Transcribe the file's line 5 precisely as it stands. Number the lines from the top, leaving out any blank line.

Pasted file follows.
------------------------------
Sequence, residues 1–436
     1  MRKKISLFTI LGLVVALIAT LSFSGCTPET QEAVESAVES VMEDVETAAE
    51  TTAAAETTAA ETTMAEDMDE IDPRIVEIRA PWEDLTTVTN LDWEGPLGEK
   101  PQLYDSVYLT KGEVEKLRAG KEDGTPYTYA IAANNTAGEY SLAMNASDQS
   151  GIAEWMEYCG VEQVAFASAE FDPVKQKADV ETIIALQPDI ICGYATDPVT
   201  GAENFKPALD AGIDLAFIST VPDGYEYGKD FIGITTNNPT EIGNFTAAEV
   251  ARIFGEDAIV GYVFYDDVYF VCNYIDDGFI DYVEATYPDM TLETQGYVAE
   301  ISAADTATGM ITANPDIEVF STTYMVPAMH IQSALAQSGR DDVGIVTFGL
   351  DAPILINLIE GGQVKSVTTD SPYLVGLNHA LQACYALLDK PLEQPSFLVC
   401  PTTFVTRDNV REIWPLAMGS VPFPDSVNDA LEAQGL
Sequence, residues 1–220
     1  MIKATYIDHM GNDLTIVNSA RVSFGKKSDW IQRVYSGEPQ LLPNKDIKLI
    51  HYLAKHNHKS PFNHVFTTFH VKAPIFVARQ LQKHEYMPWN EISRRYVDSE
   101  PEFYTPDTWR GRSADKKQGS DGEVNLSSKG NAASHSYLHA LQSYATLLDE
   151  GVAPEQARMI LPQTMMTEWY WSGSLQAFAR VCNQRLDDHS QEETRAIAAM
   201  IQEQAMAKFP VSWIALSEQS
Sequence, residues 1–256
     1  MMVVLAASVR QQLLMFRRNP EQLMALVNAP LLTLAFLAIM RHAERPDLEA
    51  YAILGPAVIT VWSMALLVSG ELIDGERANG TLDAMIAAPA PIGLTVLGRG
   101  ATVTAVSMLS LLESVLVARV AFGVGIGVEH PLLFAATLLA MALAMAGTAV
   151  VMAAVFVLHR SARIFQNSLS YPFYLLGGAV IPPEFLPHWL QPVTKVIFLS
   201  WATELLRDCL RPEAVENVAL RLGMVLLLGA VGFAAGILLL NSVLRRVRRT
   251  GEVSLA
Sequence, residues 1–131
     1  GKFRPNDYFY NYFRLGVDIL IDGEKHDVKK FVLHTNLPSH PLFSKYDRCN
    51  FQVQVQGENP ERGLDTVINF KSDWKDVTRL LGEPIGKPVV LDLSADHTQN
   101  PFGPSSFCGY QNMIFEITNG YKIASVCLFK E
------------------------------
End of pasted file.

   151  GIAEWMEYCG VEQVAFASAE FDPVKQKADV ETIIALQPDI ICGYATDPVT